Picasso: Peace and Freedom reveals a radically different figure from the one often presented in art historical accounts. In it we meet a politically and socially engaged artist, who joined the French Communist Party in October 1944 and remained a member until his death in 1973. Actively engaged in the Peace Movement, for which he was a prominent spokesperson, his work during this period chronicled human conflict and war but also expressed a deep desire for international understanding and equality.
After the Second World War, Picasso, already widely recognised as the world's greatest living artist, emerged as a celebrated political figure and hero of left-wing causes. His 'Dove of Peace' became the international emblem of the Peace Movement and a symbol of hope during the Cold War period. He was a tireless campaigner for freedom and justice, contributing generously both to the Party and a range of humanitarian causes.
Picasso's political commitment and its implications for his work can be seen as one of the last undiscovered territories in the study of the artist. A wealth of new material and research makes a direct link between his art and his politics. Picasso's habit of precisely dating his works means that each can be aligned with world events that were unfolding at the time, whether the Fascist victory and dictatorship in Spain, the Liberation of France, the Algerian War of Independence or the Cuban Missile Crisis.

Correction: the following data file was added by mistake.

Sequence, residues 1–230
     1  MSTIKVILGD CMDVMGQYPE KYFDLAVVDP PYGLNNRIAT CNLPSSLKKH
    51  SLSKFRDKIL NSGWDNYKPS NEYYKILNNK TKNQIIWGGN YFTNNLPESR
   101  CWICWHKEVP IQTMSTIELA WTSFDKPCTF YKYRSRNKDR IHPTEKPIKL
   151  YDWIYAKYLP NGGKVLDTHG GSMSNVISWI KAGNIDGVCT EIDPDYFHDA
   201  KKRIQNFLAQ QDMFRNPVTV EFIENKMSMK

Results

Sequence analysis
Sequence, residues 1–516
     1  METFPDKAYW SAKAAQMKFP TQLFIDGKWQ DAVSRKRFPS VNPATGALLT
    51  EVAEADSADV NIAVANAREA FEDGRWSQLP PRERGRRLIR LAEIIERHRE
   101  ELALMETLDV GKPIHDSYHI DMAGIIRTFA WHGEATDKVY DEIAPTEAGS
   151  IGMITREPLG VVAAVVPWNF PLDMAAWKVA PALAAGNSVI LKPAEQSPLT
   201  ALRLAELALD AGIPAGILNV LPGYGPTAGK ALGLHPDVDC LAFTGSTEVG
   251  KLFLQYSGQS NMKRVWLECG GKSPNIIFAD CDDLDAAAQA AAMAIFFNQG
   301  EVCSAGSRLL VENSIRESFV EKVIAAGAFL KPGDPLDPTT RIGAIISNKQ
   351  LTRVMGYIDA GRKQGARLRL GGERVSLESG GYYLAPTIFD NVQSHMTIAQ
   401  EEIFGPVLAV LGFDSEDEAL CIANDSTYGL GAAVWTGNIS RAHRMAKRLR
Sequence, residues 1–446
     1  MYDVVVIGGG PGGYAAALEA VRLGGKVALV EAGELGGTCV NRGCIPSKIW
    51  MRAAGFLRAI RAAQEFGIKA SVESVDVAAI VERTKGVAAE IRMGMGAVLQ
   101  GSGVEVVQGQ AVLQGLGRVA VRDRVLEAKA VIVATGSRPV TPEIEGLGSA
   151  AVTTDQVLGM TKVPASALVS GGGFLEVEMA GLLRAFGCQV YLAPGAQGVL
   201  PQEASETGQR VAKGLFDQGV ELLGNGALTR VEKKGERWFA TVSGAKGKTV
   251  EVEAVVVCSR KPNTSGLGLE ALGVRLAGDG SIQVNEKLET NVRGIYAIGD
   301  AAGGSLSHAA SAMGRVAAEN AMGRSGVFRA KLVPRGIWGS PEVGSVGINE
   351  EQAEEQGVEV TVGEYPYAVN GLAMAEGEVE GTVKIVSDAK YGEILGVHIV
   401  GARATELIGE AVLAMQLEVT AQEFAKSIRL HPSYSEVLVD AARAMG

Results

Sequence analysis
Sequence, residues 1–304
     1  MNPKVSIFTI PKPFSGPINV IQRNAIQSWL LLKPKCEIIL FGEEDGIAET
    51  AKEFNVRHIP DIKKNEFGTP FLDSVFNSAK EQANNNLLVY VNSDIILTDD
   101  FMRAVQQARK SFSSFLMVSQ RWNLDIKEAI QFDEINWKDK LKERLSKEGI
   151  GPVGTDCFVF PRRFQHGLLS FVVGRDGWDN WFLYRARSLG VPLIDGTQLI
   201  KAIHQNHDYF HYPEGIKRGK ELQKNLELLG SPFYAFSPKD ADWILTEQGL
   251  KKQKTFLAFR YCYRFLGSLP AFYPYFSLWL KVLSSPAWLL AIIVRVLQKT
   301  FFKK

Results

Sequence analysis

Alongside masterworks related to the themes of war and peace from the 1940s onwards, this richly illustrated book features posters, prints, drawings, ceramics and an extensive range of ephemera including contemporary letters, archival documents, period publications and newspapers.
Lynda Morris is Curator and AHRC Research Fellow at Norwich University College of the Arts.
Christoph Grunenberg is Director of Tate Liverpool.
Piotr Bernatowicz is an art historian, critic, and Lecturer at the Institute of Art History at Adam Mickiewicz University, Poznan.
Pierre Daix is an art historian and writer.
Vojte'ch Lahoda is Professor of Art History at Charles University, Prague, and Deputy Director of the Institute for Art History of the Academy of Sciences of the Czech Republic in Prague.
Annette Wieviorka is a historian and Director of Research at the Centre National de la Recherche Scientifique in Paris.
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